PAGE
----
Black ice could threaten Southeast after 'bomb cyclone' passes

PHOTO: Omar Elkhalidi uses a wood shim to scrape ice off his windshield that accumulated overnight from freezing temperatures, Jan. 3, 2018, in Savannah, Ga. PlayStephen B. Morton/AP Photo
WATCH Winter 'bomb cyclone' hits the East Coast

Parts of the Southeast will be faced with a new weather threat as the massive "bomb cyclone" moves away from the East Coast and frigid temperatures arrive in its place.

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Officials are warning residents in the South of the possibility that black ice will form overnight as wind chills in the teens reach as far south as Jacksonville, Florida Friday morning.

PHOTO: Map showing Friday wind chill forecast for the east coast as of Jan. 4, 2018. ABC News
Map showing Friday wind chill forecast for the east coast as of Jan. 4, 2018.

Black ice occurs when liquid freezes on a black roadway. The ice is completely clear, so it's difficult for motorists to distinguish the difference between a wet roadway and slippery ice.

PHOTO: Two Savannah Chatham Metro Police officers set up a barricade in front of a bridge that was closed due to ice on the road, Jan. 3, 2018, in Savannah, Ga. Stephen B. Morton/AP Photo
Two Savannah Chatham Metro Police officers set up a barricade in front of a bridge that was closed due to ice on the road, Jan. 3, 2018, in Savannah, Ga.

Black ice tends to form first in the shaded areas of the roadway and on bridges and overpasses that freeze first and melt last, AAA National spokeswoman Jeanette Casselano told ABC News.

PHOTO: Shebuel Fenster slides along an ice covered street in Savannah, Georgia, Jan. 4, 2018.Joe Raedle/Getty Images
Shebuel Fenster slides along an ice covered street in Savannah, Georgia, Jan. 4, 2018.

It takes a vehicle nine times longer to stop in ice and snow compared to clear conditions, Robert Sinclair, spokesperson for AAA Northeast, told ABC News.

While salting can help prevent black ice from developing, the effectiveness of the salt goes down once temperatures hit below 20 degrees.

Chatham County in Savannah, Georgia, one of the government entities in the South whose offices will reopen Friday, cautioned employees returning to work of the possibility of black ice on their morning commutes.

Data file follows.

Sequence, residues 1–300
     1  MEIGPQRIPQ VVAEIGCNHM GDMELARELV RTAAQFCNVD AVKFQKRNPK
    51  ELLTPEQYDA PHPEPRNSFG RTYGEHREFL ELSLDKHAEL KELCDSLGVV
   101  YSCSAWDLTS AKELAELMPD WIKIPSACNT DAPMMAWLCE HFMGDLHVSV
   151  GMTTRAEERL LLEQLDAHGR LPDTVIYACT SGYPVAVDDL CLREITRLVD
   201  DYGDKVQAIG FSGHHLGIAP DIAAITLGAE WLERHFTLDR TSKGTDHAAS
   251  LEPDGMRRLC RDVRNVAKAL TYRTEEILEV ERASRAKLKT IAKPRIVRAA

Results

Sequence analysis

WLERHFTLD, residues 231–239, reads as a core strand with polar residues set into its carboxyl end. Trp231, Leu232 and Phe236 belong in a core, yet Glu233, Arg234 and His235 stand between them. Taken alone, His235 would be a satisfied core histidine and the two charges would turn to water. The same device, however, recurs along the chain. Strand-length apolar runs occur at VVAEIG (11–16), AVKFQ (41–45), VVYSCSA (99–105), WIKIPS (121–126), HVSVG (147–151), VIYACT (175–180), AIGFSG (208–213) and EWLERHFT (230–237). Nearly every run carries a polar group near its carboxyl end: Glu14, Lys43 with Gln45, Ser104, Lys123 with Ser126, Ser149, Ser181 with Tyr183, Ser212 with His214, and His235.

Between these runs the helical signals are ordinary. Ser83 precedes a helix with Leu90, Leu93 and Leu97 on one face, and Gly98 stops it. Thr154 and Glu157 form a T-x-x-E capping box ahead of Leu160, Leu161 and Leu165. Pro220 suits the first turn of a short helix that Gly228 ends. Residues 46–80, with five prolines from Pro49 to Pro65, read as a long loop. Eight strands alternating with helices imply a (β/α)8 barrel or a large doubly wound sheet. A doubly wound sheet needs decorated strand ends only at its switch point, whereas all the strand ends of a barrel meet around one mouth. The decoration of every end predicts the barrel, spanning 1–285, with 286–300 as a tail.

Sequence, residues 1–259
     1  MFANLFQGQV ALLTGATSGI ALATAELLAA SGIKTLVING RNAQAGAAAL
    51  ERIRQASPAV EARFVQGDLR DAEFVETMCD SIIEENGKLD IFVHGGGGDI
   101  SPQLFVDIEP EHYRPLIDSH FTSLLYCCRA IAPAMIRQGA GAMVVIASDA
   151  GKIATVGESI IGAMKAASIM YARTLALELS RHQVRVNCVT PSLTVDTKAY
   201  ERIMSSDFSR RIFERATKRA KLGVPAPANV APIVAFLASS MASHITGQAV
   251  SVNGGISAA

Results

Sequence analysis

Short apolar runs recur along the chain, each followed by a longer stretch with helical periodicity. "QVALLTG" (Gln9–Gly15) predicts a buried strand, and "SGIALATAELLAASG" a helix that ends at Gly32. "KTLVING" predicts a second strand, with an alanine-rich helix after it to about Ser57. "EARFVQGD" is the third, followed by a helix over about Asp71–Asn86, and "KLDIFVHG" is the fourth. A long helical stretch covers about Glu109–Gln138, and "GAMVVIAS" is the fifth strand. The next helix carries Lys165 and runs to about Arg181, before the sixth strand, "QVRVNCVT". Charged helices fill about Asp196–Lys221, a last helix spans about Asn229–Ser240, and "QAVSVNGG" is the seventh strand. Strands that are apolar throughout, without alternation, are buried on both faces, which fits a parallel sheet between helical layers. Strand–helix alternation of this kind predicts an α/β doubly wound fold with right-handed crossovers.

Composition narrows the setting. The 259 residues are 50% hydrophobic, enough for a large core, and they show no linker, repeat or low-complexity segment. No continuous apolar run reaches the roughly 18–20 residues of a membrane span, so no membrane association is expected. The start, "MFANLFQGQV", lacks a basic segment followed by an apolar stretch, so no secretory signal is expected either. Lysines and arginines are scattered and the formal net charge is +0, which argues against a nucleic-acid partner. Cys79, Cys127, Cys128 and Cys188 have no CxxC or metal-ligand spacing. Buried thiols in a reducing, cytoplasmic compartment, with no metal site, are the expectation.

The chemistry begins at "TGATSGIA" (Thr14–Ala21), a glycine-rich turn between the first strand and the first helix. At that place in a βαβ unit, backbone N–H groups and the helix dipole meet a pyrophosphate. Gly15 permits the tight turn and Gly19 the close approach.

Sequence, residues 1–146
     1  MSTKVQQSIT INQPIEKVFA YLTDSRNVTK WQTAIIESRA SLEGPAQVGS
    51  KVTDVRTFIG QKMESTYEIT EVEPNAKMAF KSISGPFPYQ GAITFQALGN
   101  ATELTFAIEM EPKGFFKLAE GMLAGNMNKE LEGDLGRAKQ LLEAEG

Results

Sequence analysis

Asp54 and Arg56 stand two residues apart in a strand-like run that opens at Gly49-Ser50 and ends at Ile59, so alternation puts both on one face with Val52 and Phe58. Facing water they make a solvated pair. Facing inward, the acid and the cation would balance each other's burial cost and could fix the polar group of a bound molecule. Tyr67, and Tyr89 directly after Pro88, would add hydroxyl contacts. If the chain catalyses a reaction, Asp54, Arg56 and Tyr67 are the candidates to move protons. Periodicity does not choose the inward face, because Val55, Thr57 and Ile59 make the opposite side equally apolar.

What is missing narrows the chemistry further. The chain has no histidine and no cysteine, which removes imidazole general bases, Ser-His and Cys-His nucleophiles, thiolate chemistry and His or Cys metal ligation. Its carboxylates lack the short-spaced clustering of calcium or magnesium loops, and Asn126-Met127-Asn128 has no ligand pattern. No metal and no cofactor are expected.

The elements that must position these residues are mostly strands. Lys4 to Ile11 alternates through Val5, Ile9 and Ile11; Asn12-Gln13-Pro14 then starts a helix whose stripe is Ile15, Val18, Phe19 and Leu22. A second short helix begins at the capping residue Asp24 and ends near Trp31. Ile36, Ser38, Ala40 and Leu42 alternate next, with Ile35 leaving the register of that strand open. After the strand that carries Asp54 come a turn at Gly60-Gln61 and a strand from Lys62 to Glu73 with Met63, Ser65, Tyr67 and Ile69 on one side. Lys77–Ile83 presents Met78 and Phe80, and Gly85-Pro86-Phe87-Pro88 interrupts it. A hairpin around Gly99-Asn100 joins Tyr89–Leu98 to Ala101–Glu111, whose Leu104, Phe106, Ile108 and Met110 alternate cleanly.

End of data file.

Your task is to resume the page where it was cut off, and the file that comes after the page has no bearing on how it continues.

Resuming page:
PHOTO: Ice forms on the water fountain in Forsyth Park, Jan. 4, 2018 in Savannah, Ga. Joe Raedle/Getty Images
Ice forms on the water fountain in Forsyth Park, Jan. 4, 2018 in Savannah, Ga.

The temperature in Savannah will drop to 18 degrees overnight, which will refreeze the ice that melted during the ice, according to a press release from the Chatham County Board of Commissioners.

PHOTO: Vehicles commute southbound on the Garden State Parkway in whiteout conditions during a snowstorm, Jan. 4, 2018, in Eatontown, N.J. Julio Cortez/AP
Vehicles commute southbound on the Garden State Parkway in whiteout conditions during a snowstorm, Jan. 4, 2018, in Eatontown, N.J.

Black ice is not an immediate concern for the Northeast, since the snow is not likely to melt with the low temperatures in the coming days, Sinclair said.

However, regular ice in the Northeast will be likely, as plow blades will not be able to penetrate the black top due to the temperature, making it difficult to clear the roads, Sinclair said.

"Motorists need to drive cautiously throughout the winter," Jennifer Post, spokeswoman for the New York State Department of Transportation, told ABC news.

PHOTO: A tractor trailer lays on its side after running off of he road during a snow storm, Jan. 4, 2018, in Georgetown, Del. Mark Wilson/Getty Images
A tractor trailer lays on its side after running off of he road during a snow storm, Jan. 4, 2018, in Georgetown, Del.

AAA tips for driving in winter weather

  • Do not tailgate. Normal following distances of three to four seconds on dry pavement should be extended to a minimum of five to six seconds when driving on slippery surfaces. The extra time will provide additional braking room should a sudden stop become necessary.
  • Never use cruise control on slippery roads. If your vehicle hydroplanes or skids, you will lose the ability to regain some traction simply by lifting off the accelerator. It will be harder to recover from the loss of traction if cruise control is active
  • Slow down and adjust your speed to road conditions. Accelerate, turn and brake as gradually and smoothly as you can.
  • Don't slam on the brakes. If your car begins to skid, continue to steer in the direction you want the car to go. Slamming on the brakes will only make your vehicle harder to control.
  • Use extreme caution on bridges and overpasses.
  • Watch the traffic ahead and slow down immediately at the sight of brake lights, skidding cars or emergency flashers.
  • ABC News’ Daniel Manzo and Rachel Katz contributed to this report.

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